Ed
Do you make that gutter apron yourself or do you buy it.

Can you post a picture of it?
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Old 05-01-2009, 09:36 PM   #5
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Re: Drip edge


My reasons for not drip edging the bagles, mmmm bagles, Erm I digress... My reason for not drip edging gables is simply the fact that in my experience I see very little problem with wind driven rain or wind uplift at the gables. It's hard enough being 20-50% higher than the low bidder already, adding another $500 for what ever reason is a hard thing to do, especially since I don't see the purpose.

I do install a starter/bleeder course up the gables/rakes which I don't think you MI guys are accustomed to doing. I had hired a guy from Michigan who found it odd we didn't drip edge the gables rakes but did install a starter course on the gables/rakes.

Gutter apron has a compeltely different profile than drip edge. If I were in the office I would send you a CAD drawing of each. A gutter apron is a simple L shaped metal, not F shaped, with aprox 3" under the shingles and aprox 2" on the face. Sometimes it is customer but only on very long gutter runs where a 2" face just isn't enough, while still giving the gutter good pitch. Gutter apron is something that can be bought anywhere even home depot and lowes. FYI drip edge can be bought int he same places. Another thing, at my gutter supplier I can get ANY color gutter apron, but only some color drip edge.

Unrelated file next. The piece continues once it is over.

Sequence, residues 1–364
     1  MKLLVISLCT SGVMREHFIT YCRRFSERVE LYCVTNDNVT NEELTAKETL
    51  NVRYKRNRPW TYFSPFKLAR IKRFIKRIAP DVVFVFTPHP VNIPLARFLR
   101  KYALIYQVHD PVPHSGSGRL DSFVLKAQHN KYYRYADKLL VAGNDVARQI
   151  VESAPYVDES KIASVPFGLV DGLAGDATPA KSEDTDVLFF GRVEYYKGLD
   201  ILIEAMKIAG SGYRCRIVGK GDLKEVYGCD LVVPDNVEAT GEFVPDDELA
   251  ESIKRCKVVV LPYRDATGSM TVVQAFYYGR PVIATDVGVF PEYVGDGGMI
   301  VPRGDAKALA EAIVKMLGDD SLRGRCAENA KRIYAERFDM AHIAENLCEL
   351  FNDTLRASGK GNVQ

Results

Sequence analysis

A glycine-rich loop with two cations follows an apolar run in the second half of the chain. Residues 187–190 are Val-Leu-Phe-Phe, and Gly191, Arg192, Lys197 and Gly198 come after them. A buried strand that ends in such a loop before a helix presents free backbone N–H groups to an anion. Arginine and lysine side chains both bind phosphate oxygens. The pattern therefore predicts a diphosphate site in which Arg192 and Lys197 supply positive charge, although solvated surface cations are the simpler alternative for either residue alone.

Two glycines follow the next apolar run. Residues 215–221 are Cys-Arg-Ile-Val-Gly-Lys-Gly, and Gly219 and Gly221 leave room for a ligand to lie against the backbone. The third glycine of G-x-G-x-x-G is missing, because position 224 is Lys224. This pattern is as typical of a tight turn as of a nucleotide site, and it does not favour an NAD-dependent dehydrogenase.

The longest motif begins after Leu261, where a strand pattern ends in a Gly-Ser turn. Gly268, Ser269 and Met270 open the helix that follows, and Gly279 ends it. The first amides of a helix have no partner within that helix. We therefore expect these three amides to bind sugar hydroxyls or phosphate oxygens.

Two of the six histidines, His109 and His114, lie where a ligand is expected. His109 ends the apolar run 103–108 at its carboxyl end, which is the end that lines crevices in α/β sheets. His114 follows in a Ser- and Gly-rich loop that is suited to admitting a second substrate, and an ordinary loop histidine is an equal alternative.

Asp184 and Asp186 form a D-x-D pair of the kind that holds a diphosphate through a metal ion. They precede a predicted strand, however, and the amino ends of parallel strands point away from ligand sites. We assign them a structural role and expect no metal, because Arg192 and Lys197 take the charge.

I will however install drip edge on a drip line/gutter line, when a gutter is not installed. There have been some garages with no gutters and some real high end homes in Riverwoods IL with 3' or 4' overhangs and no gutters. I then install the ODE to extend the shingles a little extra and protect the fascia. I will also install ODE when I am doing a plywood job, because the plywood edge needs to be protected from the elements. I have seen alot of jobs with the roof being 10-15 years old, plywood job in the past, and the entire gables are rotted out. It adds a few hundred to the job costs but is a necessity on those plywood jobs.
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Old 05-01-2009, 09:43 PM   #6
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Re: Drip edge


http://rollex.com/products/brochures click on the 2009 buyers guide.